The Deets on DS

We often often talk about Down syndrome like everyone knows all about it.  Just in case you’re not as up-to-speed, here are some quick FAQ’s about Down syndrome to help keep things straight

What is Down syndrome?

Down syndrome is a genetic condition caused by the presence of an extra chromosome in the body’s cells. Down syndrome is not a disease, and it is not a hereditary condition. It occurs by chance at conception.

Do people with Down syndrome have a particular personality type?

No, people with Down syndrome do not have a particular personality type. People with Down syndrome are individuals. However, people with Down syndrome are more likely to use certain coping strategies. For example, it is common for people with Down syndrome to use routine, order and sameness as a way of rationalising and controlling their lives. Similarly, people with Down syndrome may also use self-talk as a way of directing their behaviour, expressing their feelings and making sense of what is sometimes a very confusing world. Change can be very disorientating especially if you have a learning disability.

What is the correct terminology regarding people with Down syndrome?

Down syndrome is not a disease and therefore people with Down syndrome do not suffer nor are they victims of their condition. Down syndrome is only a part of the person, they should not be referred to as “a Down’s”. People with Down syndrome are all unique individuals and should be acknowledged as a person first and foremost. It is important to think of the person first, e.g. “John is 29 and he has Down syndrome”.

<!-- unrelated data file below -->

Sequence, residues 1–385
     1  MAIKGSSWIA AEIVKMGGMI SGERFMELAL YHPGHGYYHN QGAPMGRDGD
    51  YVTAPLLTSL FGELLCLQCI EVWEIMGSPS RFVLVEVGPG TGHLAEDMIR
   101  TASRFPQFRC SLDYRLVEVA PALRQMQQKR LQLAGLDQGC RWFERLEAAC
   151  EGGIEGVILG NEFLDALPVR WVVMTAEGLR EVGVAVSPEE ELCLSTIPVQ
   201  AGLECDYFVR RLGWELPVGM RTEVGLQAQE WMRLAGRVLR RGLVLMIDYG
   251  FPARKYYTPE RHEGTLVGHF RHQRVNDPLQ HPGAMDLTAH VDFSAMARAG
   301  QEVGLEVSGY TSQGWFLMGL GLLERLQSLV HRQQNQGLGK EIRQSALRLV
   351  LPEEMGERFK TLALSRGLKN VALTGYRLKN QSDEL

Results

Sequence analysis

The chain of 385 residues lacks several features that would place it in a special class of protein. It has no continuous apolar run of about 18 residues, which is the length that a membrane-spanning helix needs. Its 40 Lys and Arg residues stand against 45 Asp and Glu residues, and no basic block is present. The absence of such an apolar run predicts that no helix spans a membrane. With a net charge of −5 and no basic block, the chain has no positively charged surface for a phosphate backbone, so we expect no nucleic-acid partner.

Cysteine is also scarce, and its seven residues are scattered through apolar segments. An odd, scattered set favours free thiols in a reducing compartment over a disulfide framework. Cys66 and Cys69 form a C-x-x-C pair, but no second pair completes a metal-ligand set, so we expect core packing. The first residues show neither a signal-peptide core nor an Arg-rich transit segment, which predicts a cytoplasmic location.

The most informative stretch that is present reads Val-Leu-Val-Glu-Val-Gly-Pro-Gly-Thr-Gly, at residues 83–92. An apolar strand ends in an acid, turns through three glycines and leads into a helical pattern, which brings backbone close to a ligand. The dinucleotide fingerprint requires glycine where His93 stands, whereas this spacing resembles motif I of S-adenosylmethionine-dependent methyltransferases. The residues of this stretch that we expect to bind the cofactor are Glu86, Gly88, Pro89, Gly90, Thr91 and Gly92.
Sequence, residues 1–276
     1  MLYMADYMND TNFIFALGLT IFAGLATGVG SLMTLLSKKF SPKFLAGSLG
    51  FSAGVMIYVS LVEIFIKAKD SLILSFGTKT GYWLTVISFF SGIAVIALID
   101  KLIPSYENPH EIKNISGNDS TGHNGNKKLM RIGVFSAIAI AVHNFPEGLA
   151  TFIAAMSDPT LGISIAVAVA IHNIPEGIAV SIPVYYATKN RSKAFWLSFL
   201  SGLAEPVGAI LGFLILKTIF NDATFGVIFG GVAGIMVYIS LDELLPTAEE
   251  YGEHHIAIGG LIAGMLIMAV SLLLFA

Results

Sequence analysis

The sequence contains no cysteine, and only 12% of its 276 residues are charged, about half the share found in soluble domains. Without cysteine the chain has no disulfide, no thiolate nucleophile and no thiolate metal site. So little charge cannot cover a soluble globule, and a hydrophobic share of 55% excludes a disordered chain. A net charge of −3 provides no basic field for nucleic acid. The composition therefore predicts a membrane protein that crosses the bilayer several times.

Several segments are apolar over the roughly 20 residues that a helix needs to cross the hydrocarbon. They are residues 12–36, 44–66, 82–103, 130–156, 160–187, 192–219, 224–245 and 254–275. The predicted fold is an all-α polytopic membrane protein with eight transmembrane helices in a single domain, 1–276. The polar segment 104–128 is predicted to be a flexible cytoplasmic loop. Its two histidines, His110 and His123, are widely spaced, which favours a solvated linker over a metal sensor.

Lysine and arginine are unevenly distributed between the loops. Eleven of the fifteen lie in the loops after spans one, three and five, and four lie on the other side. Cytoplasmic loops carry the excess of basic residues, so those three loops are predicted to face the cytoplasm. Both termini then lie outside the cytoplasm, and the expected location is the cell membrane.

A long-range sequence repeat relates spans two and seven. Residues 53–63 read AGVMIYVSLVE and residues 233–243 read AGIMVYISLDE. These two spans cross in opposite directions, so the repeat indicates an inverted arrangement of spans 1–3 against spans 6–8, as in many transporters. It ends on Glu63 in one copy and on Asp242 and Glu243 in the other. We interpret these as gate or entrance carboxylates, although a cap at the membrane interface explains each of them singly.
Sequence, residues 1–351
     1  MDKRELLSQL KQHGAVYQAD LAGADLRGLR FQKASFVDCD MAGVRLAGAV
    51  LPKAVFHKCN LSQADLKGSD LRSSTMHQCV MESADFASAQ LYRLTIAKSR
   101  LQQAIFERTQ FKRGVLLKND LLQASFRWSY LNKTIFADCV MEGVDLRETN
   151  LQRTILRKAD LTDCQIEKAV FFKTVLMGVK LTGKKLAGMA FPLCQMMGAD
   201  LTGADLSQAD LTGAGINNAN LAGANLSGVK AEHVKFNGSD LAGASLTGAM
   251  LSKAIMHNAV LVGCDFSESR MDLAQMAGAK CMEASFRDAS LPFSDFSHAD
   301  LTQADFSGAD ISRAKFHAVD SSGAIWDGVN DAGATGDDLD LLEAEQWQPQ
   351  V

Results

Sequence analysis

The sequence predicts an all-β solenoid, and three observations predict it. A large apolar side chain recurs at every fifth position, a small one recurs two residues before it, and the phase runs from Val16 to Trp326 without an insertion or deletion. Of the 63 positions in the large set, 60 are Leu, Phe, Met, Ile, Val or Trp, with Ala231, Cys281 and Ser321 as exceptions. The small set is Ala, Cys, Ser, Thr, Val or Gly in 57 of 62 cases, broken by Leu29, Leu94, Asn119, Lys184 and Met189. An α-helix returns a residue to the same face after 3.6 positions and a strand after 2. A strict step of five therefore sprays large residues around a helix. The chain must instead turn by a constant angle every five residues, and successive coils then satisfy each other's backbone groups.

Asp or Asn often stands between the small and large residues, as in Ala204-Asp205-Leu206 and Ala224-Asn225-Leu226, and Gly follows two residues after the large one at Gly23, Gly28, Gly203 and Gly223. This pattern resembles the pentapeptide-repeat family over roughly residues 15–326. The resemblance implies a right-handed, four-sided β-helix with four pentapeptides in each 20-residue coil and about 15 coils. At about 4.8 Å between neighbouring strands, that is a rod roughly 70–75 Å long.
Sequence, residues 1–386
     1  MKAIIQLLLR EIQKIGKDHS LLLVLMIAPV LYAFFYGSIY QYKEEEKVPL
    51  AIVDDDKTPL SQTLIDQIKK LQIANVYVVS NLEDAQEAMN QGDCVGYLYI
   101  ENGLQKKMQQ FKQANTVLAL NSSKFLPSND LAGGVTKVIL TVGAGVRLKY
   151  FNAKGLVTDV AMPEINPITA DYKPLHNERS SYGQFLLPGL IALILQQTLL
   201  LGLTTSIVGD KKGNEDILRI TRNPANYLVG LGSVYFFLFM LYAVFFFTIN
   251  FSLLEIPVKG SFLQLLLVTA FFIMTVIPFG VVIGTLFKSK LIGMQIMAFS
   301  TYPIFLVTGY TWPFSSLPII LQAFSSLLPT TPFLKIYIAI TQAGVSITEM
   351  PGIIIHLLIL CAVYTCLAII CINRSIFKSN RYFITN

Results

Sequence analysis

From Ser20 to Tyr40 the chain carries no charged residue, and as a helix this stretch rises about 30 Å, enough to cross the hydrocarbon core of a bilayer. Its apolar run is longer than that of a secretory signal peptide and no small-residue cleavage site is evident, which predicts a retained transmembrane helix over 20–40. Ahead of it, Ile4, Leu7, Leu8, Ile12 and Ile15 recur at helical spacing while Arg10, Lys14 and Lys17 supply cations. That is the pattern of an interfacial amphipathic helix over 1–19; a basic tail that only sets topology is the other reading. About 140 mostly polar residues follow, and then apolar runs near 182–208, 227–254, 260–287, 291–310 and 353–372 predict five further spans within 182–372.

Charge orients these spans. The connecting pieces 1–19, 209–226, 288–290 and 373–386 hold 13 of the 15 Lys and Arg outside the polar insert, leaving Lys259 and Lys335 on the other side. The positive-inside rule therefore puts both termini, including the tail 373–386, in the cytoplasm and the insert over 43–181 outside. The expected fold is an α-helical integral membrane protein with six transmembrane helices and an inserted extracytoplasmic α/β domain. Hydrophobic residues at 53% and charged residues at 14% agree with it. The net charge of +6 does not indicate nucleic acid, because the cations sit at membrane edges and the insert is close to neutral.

How does Down syndrome affect development?

Down syndrome causes delays in all areas of development for babies born with the condition. All children are different so each child with have their own strengths and weaknesses. It is impossible to predict at birth what level of help a child will need. We now have a better understanding of what children with Down syndrome are good at and what areas of development they may need extra help with. Early intervention programmes, which are now widespread for children with learning disabilities, help in all areas of child development. These programmes can include speech and physical therapy as well as home teaching programmes for the child and family.

We do know that every baby born with Down syndrome will have some degree of learning disability. This means that it takes longer to process information, to learn new skills, and that tasks and learning may need to be broken down into smaller steps. It does not mean that people cannot learn. Children with Down syndrome do learn to walk,talk and be toilet trained but in general will reach these developmental milestones later than other children. Children and adults with Down syndrome can and do continue to learn throughout their lives just like the rest of the population.